I remember when I first entered the world of direct response. I had come from an e-commerce startup that rarely spent any money on media buying; that business had the fortunate position of growing organically through word of mouth. But, not all of us have that luxury, and to grow your online business, I quickly learned the importance of media buying. Direct response marketing quickly taught me the value of performance marketing, creative testing, and optimization.
I’m sure many of you don’t need a lesson on the ABC’s of direct response, but for those of you who don’t, let’s review the basics:
- What is direct response marketing? To me, direct response is a facet of performance marketing where communications are meant to evoke a direct and specific action from the consumer – often a monetary action, a sale (or what we would call a conversion). However, this could also be a push to call a toll-free number for more information about a product, it could be a push to visit a certain website, but usually the end of the tunnel is a push to buy. So, in layman’s terms, your media buys are supposed to show a direct return on investment (ROI); you are pushing a sales action (we call this a conversion) from your audience.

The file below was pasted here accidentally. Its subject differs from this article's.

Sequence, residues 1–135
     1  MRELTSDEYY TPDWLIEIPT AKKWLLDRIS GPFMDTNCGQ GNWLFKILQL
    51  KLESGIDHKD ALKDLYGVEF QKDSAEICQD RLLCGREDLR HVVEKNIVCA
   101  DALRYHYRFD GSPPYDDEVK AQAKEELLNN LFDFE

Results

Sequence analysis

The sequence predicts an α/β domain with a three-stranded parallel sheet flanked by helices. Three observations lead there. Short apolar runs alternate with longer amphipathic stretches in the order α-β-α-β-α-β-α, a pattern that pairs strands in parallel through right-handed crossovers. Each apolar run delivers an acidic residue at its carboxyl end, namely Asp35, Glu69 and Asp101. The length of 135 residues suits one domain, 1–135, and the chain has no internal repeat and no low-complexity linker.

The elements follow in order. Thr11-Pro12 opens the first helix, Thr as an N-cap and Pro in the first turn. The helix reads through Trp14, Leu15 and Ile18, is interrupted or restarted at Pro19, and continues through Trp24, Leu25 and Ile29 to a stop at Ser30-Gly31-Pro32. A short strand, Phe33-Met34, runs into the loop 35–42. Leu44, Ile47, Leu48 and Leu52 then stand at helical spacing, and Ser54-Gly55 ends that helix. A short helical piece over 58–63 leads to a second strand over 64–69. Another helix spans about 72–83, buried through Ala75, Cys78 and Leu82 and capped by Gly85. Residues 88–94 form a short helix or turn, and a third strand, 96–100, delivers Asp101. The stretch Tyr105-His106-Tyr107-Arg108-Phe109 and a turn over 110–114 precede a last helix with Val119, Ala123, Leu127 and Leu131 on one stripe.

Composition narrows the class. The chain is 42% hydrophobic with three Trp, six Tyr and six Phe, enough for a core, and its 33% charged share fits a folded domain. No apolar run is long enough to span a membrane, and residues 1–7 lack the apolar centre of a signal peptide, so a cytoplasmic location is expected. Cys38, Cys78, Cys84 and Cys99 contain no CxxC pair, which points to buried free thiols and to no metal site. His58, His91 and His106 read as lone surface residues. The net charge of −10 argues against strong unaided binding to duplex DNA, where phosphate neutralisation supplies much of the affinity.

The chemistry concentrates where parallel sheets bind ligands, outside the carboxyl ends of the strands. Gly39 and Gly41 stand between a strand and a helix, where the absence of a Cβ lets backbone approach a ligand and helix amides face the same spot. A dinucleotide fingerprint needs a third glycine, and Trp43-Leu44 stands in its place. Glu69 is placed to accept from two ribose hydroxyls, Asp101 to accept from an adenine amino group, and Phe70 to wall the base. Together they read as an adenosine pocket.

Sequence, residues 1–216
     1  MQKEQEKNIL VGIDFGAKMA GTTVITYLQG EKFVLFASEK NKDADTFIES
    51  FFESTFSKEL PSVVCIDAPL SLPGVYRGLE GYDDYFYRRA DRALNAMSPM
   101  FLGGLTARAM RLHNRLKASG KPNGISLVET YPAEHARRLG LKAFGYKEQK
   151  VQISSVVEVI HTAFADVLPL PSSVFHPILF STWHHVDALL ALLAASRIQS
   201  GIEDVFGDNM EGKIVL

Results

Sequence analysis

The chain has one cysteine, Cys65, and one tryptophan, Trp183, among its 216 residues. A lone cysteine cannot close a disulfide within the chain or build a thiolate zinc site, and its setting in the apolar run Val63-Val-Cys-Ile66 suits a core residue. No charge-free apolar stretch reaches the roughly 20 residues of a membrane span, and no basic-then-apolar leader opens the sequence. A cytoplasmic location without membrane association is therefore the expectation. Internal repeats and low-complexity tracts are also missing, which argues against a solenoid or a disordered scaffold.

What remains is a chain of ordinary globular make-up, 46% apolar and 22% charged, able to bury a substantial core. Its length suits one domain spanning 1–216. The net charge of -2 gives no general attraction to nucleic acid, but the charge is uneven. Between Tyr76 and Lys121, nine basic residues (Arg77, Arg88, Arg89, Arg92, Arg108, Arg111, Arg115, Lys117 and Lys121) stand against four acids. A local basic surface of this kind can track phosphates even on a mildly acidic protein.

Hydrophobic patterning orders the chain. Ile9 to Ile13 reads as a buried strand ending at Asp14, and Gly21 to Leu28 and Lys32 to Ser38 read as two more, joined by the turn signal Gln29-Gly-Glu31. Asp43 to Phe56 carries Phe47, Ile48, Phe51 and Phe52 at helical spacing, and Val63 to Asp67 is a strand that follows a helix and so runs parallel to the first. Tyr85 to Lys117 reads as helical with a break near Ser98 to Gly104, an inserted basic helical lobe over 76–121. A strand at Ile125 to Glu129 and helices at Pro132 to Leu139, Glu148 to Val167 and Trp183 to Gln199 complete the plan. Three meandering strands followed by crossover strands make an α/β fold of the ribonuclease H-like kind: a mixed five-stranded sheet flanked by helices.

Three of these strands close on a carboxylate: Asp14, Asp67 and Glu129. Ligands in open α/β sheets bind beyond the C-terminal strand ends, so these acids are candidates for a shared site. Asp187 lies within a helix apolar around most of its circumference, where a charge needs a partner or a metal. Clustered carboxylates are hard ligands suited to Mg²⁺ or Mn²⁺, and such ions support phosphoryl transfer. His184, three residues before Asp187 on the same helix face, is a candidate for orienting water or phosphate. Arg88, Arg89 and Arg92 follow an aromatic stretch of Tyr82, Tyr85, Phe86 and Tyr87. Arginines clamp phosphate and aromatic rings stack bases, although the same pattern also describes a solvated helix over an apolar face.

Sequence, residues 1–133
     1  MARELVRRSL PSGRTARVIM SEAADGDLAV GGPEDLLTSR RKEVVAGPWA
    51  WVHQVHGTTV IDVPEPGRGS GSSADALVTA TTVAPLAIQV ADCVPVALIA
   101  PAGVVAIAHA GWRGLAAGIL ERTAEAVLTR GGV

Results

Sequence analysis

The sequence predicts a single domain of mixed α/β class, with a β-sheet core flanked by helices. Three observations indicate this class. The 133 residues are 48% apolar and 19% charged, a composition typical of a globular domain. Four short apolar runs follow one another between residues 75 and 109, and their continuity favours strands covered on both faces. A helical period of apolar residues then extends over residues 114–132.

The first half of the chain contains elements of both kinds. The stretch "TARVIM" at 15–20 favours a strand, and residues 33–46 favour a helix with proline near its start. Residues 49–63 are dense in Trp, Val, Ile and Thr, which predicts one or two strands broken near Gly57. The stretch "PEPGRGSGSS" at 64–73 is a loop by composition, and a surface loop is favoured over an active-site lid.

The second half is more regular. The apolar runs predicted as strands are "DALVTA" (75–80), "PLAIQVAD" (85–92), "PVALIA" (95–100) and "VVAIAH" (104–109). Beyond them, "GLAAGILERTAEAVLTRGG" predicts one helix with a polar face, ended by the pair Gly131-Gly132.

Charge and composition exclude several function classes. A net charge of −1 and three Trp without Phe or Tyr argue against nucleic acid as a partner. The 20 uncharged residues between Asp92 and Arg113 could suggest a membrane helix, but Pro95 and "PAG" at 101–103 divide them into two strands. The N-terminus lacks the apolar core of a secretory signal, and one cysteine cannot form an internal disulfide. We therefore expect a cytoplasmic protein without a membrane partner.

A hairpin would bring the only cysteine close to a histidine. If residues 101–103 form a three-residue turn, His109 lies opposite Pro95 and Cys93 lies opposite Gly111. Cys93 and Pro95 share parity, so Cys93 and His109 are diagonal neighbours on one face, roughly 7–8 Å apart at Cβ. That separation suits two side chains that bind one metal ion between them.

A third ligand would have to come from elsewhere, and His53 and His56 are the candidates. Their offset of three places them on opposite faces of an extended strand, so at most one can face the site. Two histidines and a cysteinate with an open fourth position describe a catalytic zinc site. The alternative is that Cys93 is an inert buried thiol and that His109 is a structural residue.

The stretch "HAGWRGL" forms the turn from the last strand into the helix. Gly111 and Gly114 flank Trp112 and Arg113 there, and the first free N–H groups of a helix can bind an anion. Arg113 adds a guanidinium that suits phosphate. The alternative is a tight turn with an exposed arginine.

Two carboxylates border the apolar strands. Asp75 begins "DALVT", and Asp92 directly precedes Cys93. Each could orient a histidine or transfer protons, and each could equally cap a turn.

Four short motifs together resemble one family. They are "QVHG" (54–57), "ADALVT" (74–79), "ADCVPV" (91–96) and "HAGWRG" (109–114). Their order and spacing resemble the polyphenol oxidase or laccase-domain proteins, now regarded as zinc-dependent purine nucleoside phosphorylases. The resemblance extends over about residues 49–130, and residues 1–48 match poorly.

- How is this different from other types of marketing? Most marketers fall into this other, very large bucket. This second bucket is what I call “branding.” This is the marketing you’re likely more used to – the marketing around you every day. These “branders” include companies like Coca-Cola, Nike, Target, Apple. The idea here is to create awareness through ad spend and creative positioned to create a specific idea and reinforce that message. The hope is that when a consumer is making a decision, they’ll unconsciously think of your brand first. So when you’re standing in front of that vending machine, and you have a choice between Coca-Cola, Root Beer, Sierra Mist, and Dr. Pepper, you’ll choose Coca-Cola. The problem with this type of marketing is the difficulty to quantify your ad campaigns; you often lose sight of the ROI on your campaigns. Plus, running a “branding” campaign requires substantially more budget.